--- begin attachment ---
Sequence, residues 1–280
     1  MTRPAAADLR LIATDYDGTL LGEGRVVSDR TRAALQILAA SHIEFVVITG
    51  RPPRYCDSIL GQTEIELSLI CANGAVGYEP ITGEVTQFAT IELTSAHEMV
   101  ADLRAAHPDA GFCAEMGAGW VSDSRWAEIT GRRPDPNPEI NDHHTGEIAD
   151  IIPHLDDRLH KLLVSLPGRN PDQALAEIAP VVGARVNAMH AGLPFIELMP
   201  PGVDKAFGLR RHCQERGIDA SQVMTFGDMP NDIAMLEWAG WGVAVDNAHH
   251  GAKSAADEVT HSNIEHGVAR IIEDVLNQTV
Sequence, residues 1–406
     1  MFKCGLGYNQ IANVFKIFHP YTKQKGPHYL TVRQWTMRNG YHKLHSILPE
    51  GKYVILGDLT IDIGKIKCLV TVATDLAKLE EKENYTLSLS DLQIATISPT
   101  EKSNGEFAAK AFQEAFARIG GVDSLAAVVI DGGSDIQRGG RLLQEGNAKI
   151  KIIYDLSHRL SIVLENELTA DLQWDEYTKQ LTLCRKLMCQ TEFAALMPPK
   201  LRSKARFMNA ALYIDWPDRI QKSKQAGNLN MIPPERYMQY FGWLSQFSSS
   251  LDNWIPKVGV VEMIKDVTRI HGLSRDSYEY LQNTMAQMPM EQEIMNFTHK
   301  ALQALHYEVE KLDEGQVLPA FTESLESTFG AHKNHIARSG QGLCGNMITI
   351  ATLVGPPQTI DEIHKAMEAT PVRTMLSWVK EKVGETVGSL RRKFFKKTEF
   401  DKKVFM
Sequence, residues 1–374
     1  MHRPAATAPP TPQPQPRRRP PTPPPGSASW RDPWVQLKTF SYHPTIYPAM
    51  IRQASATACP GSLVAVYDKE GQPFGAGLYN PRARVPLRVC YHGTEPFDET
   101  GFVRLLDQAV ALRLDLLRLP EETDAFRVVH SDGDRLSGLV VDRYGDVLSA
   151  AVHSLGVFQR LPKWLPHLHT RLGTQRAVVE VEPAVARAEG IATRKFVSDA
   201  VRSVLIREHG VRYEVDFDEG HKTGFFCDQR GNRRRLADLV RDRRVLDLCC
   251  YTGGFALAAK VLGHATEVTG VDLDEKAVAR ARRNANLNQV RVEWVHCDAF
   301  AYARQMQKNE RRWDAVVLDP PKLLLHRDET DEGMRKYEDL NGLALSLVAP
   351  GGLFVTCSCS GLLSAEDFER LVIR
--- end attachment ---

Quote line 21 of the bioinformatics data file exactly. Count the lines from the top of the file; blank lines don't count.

   101  GFVRLLDQAV ALRLDLLRLP EETDAFRVVH SDGDRLSGLV VDRYGDVLSA